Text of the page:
Obamacare Is Bringing Down the Obama Administration

With each passing day, the president’s signature legislative achievement is becoming more and more of a liability for him and for his administration, politically. (We leave aside for the moment the policy liability that it is and always has been for the country.) Josh Kraushaar invites us to contemplate the previously unthinkable scenario of Democrats (yes, you read that right. Democrats) urging the repeal of Obamacare:

There’s nothing that Democrats want more than to change the subject from Obamacare, despite DNC Chairman Debbie Wasserman Schultz’s protestations otherwise. Congressional Democrats don’t want to be dealing with a drip-drip of news about premiums going up, patients losing their doctors, and a broken health care website as they face angry voters in 2014. Hillary Clinton doesn’t want this issue lingering past the midterms. She hitched her presidential prospects to President Obama’s wagon and she’s not about to let someone else’s crisis damage her presidential ambitions yet again, Even Vice President Joe Biden, who called the health care law a “big f—ing deal,” didn’t mention it once at a fundraiser last week for North Carolina Sen. Kay Hagan.

Unless the HealthCare.gov website miraculously gets fixed by next month, there’s a growing likelihood that over time, enough Democrats may join Republicans to decide to start over and scrap the whole complex health care enterprise. That became clear when even Obama, to stop the political bleeding, offered an administrative fix that threatened the viability of the entire individual exchange market to forestall a House Democratic mutiny the next day. It was as clear sign as any that the president is pessimistic about the odds that the federal exchange website will be ready by the end of the month, as promised.

More than anything, politics is about self-preservation, and the last two weeks provided numerous examples of how public opinion has turned so hard against the law that even its most ardent supporters are running for the hills. It’s not just red-state Democrats, like Louisiana Sen. Mary Landrieu, distancing themselves from the law. It’s blue-state senators like Oregon’s Jeff Merkley and New Hampshire’s Jeanne Shaheen — and top blue-state recruits like Michigan’s Gary Peters and Iowa’s Bruce Braley, who voted for GOP legislation Friday that the White House said would “gut” the law. Nearly every House Democrat in a competitive district joined with Republicans to threaten the law. Without a quick fix, those ranks will grow.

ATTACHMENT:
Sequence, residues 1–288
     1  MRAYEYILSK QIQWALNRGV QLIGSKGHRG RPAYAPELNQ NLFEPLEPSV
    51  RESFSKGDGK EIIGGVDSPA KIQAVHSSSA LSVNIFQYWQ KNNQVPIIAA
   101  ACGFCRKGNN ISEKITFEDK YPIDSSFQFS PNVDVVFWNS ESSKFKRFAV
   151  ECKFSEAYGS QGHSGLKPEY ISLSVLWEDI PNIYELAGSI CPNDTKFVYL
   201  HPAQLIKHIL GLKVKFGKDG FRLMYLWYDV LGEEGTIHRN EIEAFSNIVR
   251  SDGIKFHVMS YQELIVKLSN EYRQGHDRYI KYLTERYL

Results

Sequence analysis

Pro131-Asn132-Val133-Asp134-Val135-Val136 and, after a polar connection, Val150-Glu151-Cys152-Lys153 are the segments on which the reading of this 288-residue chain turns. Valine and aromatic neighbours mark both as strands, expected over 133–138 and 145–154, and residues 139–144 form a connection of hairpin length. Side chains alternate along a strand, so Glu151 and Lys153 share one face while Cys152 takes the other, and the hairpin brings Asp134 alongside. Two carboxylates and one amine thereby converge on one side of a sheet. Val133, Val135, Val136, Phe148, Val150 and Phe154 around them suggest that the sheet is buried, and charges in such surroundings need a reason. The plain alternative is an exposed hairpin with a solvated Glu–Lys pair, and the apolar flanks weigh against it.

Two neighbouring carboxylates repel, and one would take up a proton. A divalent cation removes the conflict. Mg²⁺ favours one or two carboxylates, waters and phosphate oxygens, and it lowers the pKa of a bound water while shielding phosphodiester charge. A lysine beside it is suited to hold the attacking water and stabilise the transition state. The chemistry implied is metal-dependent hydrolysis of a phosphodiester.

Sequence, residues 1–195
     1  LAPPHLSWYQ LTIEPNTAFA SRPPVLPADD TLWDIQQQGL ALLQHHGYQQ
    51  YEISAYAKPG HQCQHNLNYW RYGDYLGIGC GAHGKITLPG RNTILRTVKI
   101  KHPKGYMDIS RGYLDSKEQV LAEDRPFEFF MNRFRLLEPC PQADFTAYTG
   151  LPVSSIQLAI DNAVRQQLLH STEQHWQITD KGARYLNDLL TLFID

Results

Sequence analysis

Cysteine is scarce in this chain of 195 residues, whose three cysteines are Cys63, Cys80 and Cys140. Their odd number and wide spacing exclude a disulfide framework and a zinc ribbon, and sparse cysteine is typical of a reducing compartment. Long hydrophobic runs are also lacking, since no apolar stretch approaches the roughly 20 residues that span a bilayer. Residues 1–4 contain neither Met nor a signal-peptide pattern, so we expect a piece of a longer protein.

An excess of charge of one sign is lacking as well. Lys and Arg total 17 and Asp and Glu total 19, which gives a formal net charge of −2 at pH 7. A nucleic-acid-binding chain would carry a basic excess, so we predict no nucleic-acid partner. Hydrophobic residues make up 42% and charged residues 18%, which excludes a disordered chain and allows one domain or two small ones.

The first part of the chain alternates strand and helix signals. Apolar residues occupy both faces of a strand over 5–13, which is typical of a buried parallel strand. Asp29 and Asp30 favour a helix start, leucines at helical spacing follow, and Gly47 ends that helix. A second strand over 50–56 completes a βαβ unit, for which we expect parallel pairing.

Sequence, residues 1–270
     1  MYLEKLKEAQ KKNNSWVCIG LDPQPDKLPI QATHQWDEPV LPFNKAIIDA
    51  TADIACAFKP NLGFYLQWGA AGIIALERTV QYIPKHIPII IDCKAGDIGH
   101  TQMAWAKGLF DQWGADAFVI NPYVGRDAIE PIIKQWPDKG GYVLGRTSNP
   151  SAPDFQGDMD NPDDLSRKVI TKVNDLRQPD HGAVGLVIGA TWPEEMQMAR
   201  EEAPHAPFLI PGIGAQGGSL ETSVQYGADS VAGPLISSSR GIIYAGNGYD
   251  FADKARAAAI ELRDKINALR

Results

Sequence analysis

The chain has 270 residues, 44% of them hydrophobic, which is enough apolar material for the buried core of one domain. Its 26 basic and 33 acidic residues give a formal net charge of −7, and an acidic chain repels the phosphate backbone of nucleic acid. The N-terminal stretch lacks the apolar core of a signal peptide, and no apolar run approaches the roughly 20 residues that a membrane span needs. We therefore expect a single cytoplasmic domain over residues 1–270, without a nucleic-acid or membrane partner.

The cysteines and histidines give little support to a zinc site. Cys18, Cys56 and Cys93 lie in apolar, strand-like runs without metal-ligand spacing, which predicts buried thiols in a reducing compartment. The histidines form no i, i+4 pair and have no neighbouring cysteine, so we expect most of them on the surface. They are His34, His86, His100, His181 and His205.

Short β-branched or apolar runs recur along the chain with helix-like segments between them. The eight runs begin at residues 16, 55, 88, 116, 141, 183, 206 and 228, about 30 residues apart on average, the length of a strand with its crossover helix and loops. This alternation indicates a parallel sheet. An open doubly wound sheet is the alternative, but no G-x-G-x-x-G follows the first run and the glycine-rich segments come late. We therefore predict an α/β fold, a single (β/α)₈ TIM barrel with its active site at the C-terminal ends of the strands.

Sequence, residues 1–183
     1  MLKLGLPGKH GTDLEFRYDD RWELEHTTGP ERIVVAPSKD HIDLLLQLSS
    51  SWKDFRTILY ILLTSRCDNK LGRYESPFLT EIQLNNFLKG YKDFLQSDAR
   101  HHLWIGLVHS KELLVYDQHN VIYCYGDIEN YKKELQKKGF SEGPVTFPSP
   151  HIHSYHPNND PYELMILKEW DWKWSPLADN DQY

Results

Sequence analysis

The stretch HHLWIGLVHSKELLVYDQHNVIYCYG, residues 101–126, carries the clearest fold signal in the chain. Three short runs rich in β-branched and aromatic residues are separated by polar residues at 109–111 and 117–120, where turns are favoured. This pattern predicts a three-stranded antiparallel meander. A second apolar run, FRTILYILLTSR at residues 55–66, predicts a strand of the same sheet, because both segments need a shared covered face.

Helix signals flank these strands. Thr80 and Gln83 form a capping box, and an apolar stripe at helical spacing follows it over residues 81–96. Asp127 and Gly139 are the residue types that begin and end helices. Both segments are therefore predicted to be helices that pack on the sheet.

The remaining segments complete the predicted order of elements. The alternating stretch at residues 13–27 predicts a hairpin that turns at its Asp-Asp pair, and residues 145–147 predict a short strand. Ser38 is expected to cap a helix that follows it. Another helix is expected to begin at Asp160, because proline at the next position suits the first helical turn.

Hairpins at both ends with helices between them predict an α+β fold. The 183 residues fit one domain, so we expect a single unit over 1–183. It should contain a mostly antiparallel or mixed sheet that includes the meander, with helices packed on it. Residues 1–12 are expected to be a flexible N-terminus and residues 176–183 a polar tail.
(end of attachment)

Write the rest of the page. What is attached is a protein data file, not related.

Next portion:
This tsunami of blowback, which built in just the last month, is unsustainable for Democrats over the long haul. The president isn’t just losing his skeptics from the chaotic Obamacare rollout but his allies who stood to gain from the law’s benefits — namely Hispanics, whose approval of the president has dropped more than any demographic subgroup since the problems began. The simplest solution — if only to stop the bleeding — is to get the website fixed. (When former DNC Chairman Howard Dean’s proposal is to hire tens of thousands of young phone operators to sign people up for insurance — straight out of a Jerry Lewis telethon — as he suggested on “Morning Joe,” it’s clear the website problems are really bad.).